Pharmacy must be integral in Health Care Homes


health services: pharmacist talks to patient

Pharmacy needs to be a key part of Health Care Homes if the initiative is to succeed

The Pharmacy Guild said today that it strongly supports the Federal Government’s Health Care Homes primary care reforms, but pharmacists must play a strong role.

Guild National President George Tambassis says the HCHs provide the opportunity to move towards a more integrated and coordinated approach to meeting the primary care needs of patients with complex, chronic health conditions.

But “in order for the HCHs to succeed in delivering better, more cost-effective health outcomes for patients with complex needs, it is imperative that their community pharmacy is an integral part of the primary care team,” Mr Tambassis said.

“More than any other healthcare professional, the community pharmacist is responsible for ensuring that patients are adherent with their medicines and that their medication-related needs are being met. 

“Community pharmacies are also the most frequently visited and accessible primary healthcare destination in Australia.”

Mr Tambassis says that the patients who stand to benefit most from the HCH trials are highly likely to be reliant upon significant numbers of prescription and other pharmacy medicines.

“If their adherence with these medicines is not regularly monitored and assessed by their community pharmacist and any issues are not expeditiously identified and addressed, it is unlikely that the broader health benefits of their primary care plans will ever be realised,” he points out.

Mr Tambassis said the Guild is committed to enabling its community pharmacy members, including in the 10 Primary Health Networks conducting the HCH trials, to work with their local GP practices and allied health providers to ensure that HCH patients receive the highest quality medication management support.

It will be important that local GP practices that are participating in the HCH trials include their local community pharmacies in the teams that are responsible for planning and delivering the care needs of their HCH patients, he says.

Equally, community pharmacies will need to know which of their patients are HCH patients, so that they can ensure that they are receiving all the necessary support with their medications, including regular ongoing communication with their GP practice.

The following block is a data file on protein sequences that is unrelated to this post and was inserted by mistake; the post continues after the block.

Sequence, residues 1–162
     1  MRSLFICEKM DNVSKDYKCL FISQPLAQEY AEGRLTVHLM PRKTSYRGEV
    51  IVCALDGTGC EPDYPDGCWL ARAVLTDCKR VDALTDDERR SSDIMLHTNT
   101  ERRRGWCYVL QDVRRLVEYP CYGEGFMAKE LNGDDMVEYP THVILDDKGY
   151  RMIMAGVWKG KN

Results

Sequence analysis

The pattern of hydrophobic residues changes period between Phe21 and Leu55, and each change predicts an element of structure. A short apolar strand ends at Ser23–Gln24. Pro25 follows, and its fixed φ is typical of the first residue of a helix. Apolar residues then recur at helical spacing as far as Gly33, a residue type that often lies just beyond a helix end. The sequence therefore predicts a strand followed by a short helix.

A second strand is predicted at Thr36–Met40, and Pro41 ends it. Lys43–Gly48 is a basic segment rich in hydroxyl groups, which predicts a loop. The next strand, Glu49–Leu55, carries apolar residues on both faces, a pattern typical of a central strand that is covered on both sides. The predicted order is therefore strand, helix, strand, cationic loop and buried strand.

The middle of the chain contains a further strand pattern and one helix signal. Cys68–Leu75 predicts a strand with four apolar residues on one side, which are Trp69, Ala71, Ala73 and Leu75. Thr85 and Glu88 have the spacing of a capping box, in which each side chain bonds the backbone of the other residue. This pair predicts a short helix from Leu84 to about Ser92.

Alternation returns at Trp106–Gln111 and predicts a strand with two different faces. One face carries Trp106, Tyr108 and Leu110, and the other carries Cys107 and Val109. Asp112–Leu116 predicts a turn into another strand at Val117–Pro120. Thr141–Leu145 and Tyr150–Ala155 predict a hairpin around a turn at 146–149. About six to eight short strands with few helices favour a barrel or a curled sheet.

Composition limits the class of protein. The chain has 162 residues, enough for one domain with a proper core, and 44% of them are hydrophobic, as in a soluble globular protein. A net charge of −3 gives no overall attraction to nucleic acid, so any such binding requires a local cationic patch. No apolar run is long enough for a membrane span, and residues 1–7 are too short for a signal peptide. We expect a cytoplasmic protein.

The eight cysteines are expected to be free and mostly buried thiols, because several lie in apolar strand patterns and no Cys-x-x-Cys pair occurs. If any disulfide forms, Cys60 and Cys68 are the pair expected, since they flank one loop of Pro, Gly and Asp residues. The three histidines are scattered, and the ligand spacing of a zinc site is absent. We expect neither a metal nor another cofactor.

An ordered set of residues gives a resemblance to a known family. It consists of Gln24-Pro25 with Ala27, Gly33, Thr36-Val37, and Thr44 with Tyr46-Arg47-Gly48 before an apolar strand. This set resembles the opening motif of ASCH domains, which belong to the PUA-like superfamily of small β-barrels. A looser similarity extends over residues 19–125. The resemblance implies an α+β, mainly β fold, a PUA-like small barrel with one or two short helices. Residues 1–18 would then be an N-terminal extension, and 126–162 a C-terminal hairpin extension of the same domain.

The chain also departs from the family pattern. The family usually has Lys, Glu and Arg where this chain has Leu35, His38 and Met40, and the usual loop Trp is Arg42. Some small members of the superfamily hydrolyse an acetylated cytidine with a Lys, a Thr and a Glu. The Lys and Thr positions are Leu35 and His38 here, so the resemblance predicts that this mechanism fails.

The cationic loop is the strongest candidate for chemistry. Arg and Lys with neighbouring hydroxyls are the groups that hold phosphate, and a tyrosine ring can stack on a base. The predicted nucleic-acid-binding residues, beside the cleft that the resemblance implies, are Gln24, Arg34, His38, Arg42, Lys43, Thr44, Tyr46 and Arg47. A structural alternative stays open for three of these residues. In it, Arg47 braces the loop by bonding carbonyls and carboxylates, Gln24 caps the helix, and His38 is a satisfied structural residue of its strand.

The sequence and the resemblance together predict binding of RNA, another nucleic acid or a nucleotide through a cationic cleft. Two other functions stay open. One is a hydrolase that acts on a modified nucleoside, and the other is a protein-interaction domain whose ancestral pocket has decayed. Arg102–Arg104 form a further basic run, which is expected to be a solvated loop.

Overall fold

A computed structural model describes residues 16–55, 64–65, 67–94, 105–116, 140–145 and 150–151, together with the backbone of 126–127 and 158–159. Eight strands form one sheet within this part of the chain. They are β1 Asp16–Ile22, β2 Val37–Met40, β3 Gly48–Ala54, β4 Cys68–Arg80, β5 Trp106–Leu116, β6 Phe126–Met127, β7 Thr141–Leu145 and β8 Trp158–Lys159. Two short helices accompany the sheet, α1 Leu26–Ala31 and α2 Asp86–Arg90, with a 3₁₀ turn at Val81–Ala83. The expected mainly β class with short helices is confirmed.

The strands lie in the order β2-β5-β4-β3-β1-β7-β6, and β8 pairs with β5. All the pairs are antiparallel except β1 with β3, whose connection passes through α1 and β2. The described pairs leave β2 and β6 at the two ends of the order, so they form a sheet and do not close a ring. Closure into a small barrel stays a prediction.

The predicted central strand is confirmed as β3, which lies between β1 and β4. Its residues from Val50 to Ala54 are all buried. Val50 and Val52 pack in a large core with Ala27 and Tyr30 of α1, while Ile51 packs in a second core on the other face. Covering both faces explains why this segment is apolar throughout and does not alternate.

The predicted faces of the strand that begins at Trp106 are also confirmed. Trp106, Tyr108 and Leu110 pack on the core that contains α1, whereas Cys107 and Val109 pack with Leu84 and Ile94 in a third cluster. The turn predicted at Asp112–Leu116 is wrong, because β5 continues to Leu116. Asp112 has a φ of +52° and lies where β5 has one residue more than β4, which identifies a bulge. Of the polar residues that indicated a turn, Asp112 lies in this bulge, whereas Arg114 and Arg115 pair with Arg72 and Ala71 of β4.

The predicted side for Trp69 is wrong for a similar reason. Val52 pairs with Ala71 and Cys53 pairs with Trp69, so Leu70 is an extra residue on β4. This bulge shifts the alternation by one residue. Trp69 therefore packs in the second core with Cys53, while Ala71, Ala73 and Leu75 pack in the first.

“The link between the patient’s GP and their community pharmacy is arguably the most important link in the entire health system. The HCHs must maintain and strengthen this link and not undermine or disintermediate it in any way,” Mr Tambassis said.

“The Guild wishes to stress that it is not seeking additional funding from the Federal Government’s HCHs budget for community pharmacies to fulfil their vital role in the HCH trials.

“In the Sixth Community Pharmacy Agreement, the Federal Government committed $600 million from 1 July 2015 for new and expanded community pharmacy programs. The Pharmacy Guild is committed to working with the Federal Government to ensure these budgeted and approved funds are fully expended and appropriately targeted to improve health outcomes for patients and consumers.

“This 6CPA funding provides the opportunity to utilise and enhance well-established community pharmacy programs such as Dose Administration Aids (medicine packing), Staged Supply, Clinical Interventions and medicines management reviews (MedsChecks, Home Medicines Reviews) with a strong focus on ensuring that HCH patients receive the best possible medication-related care and support from their community pharmacist.”

The Guild is also working closely and constructively with the recently formed Australian Digital Health Agency to ensure that clinicians, including GPs, specialists, hospitals and community pharmacists have shared access to patients’ most up-to-date lists of prescription and other medications. This will greatly benefit HCH patients who may well be transitioning regularly between different forms of care, it says.

In publicly confirming its support for the HCHs and its commitment to work closely with the Government in maximising its success, the Guild strongly encourages other health peak bodies to do likewise.

The HCHs provide an unprecedented opportunity to integrate the excellent work of health professionals across the primary care system in a way that will reduce duplication, increase collaboration and deliver a coordinated approach to addressing the needs of patients with complex, chronic health conditions, it says.

The Guild’s stance echoes the words of Senator Richard Di Natale, who told the Guild’s annual Parliamentary dinner late last year that the health sector risked underutilising pharmacists.

“The Health Care Home trial is one example where we risk failing to capture the full skills and knowledge of Australia’s highly trained pharmacists,” Di Natale said.

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